Everton midfielder Tom Davies stopped caring what was said about him a long time ago but admits it is still his job to prove his critics wrong.
The 24-year-old has endured a complicated relationship with fans since his breakthrough season in 2016-17.
As a Liverpool-born lad his graduation from the academy was something which was celebrated, but, as Everton’s struggles became more pronounced over the years, he found himself the target of abuse as supporters voiced their frustrations at the team’s decline.
His off-field lifestyle – from fashion choices to his love of skateboarding – became a stick with which to beat him, but it has not dented his desire to do well in a successful team at Goodison Park.
“To be honest I’ve stopped reading what people said about me a long time ago,” he told the PA news agency.
“People are entitled to their own opinion and say what they want about me, but I know what sort of person I am and what my morals are through life and football.
“I’m probably at the stage of my life where it doesn’t bother me a lot like it did when I was younger.
“A football career is too short to worry about what people are saying about you.
“I’m very comfortable with the person I am now and the main thing is to take steps you want to take to become the person you want to become and reach the goals you have.
“It’s my job as a player to prove them wrong, which can be tough, but I think I look forward to proving these people wrong and showing what I can do.”
Davies’ off-field interests extend to sustainability and he is a director of ChopValue, a company which recycles chopsticks into products for homes and offices.
It has teamed up with a Yo Sushi! restaurant in Speke on Merseyside to roll out the initiative and that gives Davies something else other than football to think about.
“If you are too full-on with it (football) it can be a burn-out situation,” he said.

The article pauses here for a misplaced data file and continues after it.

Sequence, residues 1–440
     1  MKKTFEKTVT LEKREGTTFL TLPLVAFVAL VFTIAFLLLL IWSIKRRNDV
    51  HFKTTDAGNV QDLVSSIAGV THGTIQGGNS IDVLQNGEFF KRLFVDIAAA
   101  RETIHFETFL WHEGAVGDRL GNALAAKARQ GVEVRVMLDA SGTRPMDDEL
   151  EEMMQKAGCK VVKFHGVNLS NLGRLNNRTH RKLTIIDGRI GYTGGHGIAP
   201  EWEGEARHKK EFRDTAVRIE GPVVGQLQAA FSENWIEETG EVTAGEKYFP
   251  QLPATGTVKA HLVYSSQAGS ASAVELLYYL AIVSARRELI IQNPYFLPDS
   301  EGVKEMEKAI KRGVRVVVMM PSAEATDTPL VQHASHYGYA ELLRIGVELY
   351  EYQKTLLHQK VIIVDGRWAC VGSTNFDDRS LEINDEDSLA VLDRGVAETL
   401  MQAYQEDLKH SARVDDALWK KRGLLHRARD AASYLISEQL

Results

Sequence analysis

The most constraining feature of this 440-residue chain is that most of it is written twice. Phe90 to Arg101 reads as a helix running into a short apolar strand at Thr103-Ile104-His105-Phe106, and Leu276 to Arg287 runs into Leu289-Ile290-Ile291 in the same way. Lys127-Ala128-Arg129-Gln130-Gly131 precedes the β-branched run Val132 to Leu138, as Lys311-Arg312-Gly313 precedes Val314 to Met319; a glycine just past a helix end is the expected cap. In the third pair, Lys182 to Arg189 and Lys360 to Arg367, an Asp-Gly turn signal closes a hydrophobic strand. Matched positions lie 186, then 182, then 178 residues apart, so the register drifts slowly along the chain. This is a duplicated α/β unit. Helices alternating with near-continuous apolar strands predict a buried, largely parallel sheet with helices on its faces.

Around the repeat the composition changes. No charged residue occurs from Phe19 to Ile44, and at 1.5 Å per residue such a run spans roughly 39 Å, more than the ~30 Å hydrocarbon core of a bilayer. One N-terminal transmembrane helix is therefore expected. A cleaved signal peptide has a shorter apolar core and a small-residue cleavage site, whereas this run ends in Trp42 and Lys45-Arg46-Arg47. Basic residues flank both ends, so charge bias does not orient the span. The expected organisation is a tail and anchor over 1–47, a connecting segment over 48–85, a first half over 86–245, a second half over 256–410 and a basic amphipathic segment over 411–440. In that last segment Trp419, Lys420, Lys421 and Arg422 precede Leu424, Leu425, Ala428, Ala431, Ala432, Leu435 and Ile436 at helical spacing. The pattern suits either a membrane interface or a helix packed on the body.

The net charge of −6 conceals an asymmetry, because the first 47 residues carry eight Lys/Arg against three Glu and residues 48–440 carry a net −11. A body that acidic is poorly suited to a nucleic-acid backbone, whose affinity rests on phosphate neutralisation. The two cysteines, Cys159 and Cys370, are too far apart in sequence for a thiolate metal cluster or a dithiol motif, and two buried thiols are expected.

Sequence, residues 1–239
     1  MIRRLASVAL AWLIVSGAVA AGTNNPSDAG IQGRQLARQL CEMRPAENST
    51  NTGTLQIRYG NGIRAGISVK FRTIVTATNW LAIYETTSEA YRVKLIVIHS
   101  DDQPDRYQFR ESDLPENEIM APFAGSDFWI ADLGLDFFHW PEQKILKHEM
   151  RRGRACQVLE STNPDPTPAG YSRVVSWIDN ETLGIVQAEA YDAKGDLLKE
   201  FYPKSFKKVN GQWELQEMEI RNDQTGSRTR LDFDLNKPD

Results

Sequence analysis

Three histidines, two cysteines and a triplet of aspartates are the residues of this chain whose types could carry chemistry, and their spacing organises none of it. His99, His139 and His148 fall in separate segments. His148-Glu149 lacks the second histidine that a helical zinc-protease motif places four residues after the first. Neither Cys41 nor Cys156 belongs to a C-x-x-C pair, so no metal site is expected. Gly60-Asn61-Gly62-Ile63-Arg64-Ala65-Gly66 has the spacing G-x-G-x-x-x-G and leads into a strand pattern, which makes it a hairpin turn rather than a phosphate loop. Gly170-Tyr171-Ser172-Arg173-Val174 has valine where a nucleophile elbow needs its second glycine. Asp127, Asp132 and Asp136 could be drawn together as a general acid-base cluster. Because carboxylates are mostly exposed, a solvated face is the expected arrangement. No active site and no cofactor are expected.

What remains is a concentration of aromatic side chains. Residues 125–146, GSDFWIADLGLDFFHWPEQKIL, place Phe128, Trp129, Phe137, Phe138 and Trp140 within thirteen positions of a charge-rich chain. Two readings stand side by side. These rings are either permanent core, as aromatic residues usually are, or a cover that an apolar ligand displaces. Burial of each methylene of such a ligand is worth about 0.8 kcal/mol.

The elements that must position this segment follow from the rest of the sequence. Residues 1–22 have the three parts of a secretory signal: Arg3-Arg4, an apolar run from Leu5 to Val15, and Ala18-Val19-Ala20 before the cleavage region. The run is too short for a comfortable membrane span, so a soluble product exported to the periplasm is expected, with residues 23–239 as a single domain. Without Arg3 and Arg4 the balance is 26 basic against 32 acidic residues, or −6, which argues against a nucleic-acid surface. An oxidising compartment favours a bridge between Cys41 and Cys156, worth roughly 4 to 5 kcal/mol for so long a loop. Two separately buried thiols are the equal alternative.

“Like I’ve done here with ChopValue, I’ve been able to distract myself in different ways to give me that respite I need from football and to refocus when the time is right.
“In life I want to try to help in the ways I can, speaking on subjects which need to be spoken about or doing something like this.
“If this extends to speaking on other topics then I’m happy to do so. Educating people is a massive thing.
“Maybe one day people will say some things nice about what I’m doing off the pitch.”
Davies had an unwanted respite when he returned home from the club’s trip to Australia in the mid-season break last month with a knee injury before he had even played a match.
However, he is confident of being for the Boxing Day resumption at home to Wolves when the side, a point above the bottom three after five defeats in seven matches, will restart their bid to avoid a second successive relegation battle.
“I don’t think we are thinking we will be involved in it,” he said.
“It will always be in our mind that we need to perform to a better standard than we did last year because we don’t want to get dragged into that, but it is far too early to be getting into those discussions.
“It was always going to be tough, but we weren’t naive enough to think this season would be a breeze and it would be all rosy by Christmas.
“Win a few games and we are in the top half of the table and there are a lot of teams around us, so it is about finding the consistency and getting points on a more regular basis, which we know we need to do and can do.”